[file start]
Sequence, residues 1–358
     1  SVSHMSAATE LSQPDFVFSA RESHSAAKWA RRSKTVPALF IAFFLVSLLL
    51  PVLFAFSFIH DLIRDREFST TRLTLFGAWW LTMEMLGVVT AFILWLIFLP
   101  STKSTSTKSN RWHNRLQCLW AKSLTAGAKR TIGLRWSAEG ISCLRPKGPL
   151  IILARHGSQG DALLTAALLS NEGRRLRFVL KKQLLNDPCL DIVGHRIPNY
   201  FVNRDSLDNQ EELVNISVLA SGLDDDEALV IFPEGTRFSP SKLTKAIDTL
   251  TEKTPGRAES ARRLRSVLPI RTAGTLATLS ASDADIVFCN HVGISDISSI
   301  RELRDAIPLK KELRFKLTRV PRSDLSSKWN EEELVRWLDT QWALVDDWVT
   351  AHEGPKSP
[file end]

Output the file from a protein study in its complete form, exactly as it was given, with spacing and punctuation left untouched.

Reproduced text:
Sequence, residues 1–358
     1  SVSHMSAATE LSQPDFVFSA RESHSAAKWA RRSKTVPALF IAFFLVSLLL
    51  PVLFAFSFIH DLIRDREFST TRLTLFGAWW LTMEMLGVVT AFILWLIFLP
   101  STKSTSTKSN RWHNRLQCLW AKSLTAGAKR TIGLRWSAEG ISCLRPKGPL
   151  IILARHGSQG DALLTAALLS NEGRRLRFVL KKQLLNDPCL DIVGHRIPNY
   201  FVNRDSLDNQ EELVNISVLA SGLDDDEALV IFPEGTRFSP SKLTKAIDTL
   251  TEKTPGRAES ARRLRSVLPI RTAGTLATLS ASDADIVFCN HVGISDISSI
   301  RELRDAIPLK KELRFKLTRV PRSDLSSKWN EEELVRWLDT QWALVDDWVT
   351  AHEGPKSP